Standard & Poor's (S&P) Ratings Services upgraded on Tuesday its outlook on Builders FirstSource (BFS) to positive from negative and affirmed its credit ratings, but noted that while the EBITDA of America's ninth-biggest pro deal should turn positive this year for the first time since 2007, that change still won't be enough to fully cover interest expenses.

"In our view, improved profitability will better position the company to refinance some of its expensive floating rate debt and possibly close its interest coverage shortfall over the next 12 months," S&P said in an announcement broadcast by Reuters. "Our rating continues to reflect our assessment of the company's business risk as 'vulnerable' and its financial risk as 'highly leverage.' Our vulnerable business risk opinion acknowledges that demand for the company's products is highly cyclical and is only beginning to recover from very weak levels. Our highly leveraged financial risk assessment reflects a very heavy debt burden with high interest costs."

Aside from the change in its ratings outlook to positive from negative, S&P affirmed its CCC corporate credit rating on the company and its CC rating for $140 million of second-lien notes that the company has issued and that are due for repayment in 2016. 

Dallas-based BFS reported April 19 a first-quarter net loss of $19.2 million--roughly $2 million better than its loss in the year-earlier period--on a 35% rise in sales to $219.4 million. BFS ranked ninth on the 2011 ProSales 100, with gross sales in 2010 of $700 million, all of it to pros. (A new ProSales 100 will be released next month.)

BFS' earnings announcements typically don't report EBITDA, which stands for earnings before interest, taxes, depreciation and amortization; it's a popular measure of a company's cash flow. Instead, BFS reported what it called its adjusted EBITDA, which its defines as GAAP net income (or loss) before depreciation and amortization, interest expense, income taxes, (gain) loss on sale of assets, (income) loss from discontinued operations, and other non-cash or special items including asset impairments, facility closure costs, severance, recapitalization costs, expensed acquisition costs, and stock compensation expense. By that measure, its adjusted EBITDA improved by more than $9 million but still was a negative $2.1 million.

S&P said it expects BFS' actual EBITDA to go slightly positive for all of 2012, marking its first time in that territory since 2007, and then add $35 million in 2013.

"Despite this meaningful improvement, leverage would remain high (near 10x when adjusted for operating leases) and EBITDA would not fully cover interest expense," S&P said. The comes even though it forecasts BFS will post revenues in 2013 of more than $1.2 billion, gross margins of about 22%, and no change in its $300 million worth of debt.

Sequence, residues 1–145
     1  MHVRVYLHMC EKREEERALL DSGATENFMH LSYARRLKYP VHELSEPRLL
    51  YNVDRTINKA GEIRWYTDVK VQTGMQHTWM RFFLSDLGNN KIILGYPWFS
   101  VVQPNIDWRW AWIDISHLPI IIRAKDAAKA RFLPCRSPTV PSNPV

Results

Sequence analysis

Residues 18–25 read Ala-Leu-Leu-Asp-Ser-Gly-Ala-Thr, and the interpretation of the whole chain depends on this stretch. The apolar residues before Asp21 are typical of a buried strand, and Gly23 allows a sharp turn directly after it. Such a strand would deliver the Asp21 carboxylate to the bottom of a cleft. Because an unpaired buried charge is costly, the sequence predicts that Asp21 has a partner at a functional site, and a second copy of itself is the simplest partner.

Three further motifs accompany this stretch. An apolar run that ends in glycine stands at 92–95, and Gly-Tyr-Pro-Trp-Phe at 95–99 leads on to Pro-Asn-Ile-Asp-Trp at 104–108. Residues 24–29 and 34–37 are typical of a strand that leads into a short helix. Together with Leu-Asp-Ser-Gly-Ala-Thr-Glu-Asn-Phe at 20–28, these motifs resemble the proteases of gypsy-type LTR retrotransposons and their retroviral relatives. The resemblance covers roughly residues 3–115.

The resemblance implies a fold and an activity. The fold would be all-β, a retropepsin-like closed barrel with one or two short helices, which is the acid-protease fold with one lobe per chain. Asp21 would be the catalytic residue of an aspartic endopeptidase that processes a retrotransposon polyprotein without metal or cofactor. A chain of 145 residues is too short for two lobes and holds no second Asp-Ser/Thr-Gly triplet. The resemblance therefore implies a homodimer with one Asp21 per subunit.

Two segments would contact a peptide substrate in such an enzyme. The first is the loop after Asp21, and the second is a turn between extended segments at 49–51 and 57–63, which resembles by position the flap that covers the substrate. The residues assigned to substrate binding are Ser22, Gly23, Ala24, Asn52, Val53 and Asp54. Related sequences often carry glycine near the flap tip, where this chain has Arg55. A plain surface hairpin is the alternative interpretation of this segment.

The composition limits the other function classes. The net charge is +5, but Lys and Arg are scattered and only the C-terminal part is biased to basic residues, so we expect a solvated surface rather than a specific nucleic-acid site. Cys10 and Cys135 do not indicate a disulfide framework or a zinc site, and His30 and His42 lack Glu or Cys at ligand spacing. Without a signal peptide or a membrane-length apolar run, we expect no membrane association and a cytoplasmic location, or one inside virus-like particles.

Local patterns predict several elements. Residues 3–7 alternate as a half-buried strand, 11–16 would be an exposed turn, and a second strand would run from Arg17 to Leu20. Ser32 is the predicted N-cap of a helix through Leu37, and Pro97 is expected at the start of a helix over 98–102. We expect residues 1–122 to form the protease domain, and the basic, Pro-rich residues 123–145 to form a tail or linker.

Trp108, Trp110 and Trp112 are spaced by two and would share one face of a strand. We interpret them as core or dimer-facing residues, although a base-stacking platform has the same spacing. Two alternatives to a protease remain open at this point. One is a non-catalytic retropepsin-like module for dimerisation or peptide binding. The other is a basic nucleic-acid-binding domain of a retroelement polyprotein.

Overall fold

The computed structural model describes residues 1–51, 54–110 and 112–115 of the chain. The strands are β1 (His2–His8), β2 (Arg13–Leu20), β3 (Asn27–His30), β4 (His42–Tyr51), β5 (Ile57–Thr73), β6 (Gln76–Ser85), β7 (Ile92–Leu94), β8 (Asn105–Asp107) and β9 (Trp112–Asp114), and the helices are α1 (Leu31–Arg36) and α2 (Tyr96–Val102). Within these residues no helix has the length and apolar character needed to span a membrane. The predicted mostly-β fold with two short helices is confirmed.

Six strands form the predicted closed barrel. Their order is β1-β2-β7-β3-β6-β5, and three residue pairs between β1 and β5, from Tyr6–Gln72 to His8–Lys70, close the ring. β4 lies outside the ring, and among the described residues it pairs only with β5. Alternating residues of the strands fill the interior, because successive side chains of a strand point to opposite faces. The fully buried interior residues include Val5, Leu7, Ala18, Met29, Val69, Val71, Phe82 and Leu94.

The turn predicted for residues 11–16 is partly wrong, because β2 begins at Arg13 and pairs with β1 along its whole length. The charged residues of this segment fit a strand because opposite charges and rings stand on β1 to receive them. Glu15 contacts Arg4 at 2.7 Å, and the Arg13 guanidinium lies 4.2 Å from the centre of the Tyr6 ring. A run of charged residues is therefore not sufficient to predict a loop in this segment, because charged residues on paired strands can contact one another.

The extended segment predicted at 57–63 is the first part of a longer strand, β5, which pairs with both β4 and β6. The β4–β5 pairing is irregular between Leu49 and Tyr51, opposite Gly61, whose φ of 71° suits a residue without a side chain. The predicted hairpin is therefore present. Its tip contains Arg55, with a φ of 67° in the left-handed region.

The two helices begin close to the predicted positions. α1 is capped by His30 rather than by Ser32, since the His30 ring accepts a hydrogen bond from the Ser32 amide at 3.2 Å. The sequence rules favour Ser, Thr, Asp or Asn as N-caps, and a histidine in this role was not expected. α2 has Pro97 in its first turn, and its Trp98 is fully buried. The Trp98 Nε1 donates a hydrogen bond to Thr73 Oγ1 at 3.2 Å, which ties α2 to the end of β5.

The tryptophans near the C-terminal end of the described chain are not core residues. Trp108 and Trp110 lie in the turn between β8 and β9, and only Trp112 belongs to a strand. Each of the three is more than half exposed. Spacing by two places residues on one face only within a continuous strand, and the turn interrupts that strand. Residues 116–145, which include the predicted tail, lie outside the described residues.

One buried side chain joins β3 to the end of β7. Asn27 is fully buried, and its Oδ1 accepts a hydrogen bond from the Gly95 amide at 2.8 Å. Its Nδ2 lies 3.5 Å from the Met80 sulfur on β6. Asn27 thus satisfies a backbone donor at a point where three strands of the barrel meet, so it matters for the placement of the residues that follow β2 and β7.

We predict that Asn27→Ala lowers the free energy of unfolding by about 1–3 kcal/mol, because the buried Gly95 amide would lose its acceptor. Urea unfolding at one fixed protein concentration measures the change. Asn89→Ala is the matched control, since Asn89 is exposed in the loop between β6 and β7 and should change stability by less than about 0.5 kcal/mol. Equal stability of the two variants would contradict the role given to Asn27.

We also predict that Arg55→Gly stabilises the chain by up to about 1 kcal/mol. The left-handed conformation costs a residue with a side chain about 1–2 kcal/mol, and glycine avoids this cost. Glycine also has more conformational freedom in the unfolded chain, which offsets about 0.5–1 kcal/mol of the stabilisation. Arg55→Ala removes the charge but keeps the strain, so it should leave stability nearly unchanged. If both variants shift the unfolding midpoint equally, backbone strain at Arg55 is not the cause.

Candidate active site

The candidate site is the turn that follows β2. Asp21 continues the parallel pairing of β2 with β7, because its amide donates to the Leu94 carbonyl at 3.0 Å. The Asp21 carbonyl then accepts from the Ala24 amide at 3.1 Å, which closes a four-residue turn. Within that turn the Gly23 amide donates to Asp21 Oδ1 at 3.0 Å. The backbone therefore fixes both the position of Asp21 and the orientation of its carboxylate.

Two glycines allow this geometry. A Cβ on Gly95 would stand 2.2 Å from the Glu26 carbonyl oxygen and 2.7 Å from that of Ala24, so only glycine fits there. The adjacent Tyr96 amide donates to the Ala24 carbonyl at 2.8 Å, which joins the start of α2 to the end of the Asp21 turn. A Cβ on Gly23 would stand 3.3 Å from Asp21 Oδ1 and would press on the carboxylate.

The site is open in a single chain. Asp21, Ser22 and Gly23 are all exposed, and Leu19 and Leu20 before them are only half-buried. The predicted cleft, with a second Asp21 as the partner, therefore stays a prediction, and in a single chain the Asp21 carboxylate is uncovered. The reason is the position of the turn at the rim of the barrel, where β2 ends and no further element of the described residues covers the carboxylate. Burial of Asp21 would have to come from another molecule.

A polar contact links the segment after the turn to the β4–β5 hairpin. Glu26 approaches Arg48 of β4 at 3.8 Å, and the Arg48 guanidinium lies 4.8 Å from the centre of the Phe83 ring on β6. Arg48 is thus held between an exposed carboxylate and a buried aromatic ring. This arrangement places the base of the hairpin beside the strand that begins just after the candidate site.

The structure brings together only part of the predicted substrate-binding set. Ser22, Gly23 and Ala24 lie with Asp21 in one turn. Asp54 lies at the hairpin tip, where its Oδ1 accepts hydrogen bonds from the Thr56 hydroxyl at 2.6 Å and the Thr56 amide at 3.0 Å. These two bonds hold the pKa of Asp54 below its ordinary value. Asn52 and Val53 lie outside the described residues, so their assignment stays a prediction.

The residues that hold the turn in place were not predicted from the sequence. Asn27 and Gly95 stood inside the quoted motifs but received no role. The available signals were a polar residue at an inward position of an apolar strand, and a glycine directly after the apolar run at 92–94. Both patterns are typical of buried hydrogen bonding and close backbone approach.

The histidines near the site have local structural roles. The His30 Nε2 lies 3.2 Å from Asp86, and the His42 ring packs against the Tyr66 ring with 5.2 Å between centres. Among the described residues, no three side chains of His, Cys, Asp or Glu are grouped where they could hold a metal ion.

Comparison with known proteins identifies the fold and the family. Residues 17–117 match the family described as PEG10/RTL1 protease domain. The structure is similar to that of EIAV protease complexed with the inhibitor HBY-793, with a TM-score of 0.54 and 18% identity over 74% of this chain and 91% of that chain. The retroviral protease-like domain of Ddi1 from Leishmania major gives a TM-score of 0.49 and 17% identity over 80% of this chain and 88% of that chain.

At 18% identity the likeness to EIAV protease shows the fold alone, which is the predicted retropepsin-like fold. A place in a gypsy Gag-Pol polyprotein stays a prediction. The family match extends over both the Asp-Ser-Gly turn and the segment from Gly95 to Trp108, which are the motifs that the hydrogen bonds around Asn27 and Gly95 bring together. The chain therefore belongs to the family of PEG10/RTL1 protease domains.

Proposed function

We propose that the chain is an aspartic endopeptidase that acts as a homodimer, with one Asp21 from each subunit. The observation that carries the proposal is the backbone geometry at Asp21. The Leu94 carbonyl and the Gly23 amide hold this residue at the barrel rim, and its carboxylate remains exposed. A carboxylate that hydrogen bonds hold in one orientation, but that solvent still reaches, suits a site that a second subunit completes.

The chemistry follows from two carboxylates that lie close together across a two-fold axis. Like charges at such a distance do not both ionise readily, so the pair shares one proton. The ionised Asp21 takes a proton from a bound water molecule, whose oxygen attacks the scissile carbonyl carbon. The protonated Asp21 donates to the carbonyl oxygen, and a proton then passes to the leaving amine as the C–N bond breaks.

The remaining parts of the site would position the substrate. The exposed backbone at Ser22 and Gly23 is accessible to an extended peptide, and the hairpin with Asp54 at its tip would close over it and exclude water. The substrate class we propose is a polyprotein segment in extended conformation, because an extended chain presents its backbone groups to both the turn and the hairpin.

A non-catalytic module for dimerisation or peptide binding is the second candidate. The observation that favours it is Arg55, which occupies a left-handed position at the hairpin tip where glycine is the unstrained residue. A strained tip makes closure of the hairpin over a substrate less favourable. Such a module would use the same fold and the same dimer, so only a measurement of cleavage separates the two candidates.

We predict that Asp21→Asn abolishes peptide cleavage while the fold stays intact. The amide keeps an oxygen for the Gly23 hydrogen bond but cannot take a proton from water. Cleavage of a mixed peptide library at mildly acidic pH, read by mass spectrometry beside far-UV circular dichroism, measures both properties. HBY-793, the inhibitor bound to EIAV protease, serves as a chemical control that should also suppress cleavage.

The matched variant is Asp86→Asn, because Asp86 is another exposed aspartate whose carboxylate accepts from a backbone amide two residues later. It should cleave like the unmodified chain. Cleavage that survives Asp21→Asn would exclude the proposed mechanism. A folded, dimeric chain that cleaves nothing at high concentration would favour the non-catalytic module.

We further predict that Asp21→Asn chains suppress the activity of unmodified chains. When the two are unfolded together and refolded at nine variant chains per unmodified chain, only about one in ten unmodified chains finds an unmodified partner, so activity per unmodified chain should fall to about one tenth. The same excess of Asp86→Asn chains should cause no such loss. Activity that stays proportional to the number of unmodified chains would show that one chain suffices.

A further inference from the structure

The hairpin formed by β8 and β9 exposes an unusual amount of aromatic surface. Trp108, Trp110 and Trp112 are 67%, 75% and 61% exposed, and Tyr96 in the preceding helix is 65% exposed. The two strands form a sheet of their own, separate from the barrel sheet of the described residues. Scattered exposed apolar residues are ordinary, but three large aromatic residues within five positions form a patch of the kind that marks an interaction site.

"Under our baseline scenario for 2012, we expect Builders FirstSource to post a $60 million to $70 million in operating cash flow deficit after working capital and other cash outflows, but to end the year with a cushion of at least $40 million above the $35 (million) minimum cash threshold," S&P said.

In December, BFS announced the completion of a new $160 million first-lien term loan financing agreement with affiliates of Highbridge Principal Strategies that's $10 million bigger than the one it replaced. At the same time, BFS entered into a stand-alone letter of credit (LOC) facility, worth $20 million, with SunTrust Bank. That's the same size as its previous LOC facility.

The term loan was issued at 97% and is secured by a first lien on almost all of BFS' assets. It is guaranteed by all of the company's subsidiaries. The interest rate to be paid is 9.5% plus the 3-month LIBOR (London Interbank Offered Rate) or 2%, whichever is higher. The loan also includes detachable warrants that allow for Highbridge Principal to purchase 1.6 million shares of BFS common stock. 

"The positive rating outlook reflects our expectation that operating improvements will accelerate in line with our forecast for higher housing starts and that Builders FirstSource will likely be in a better position next year to finance some of its expensive floating-rate debt and possibly close its interest coverage shortfall," S&P said.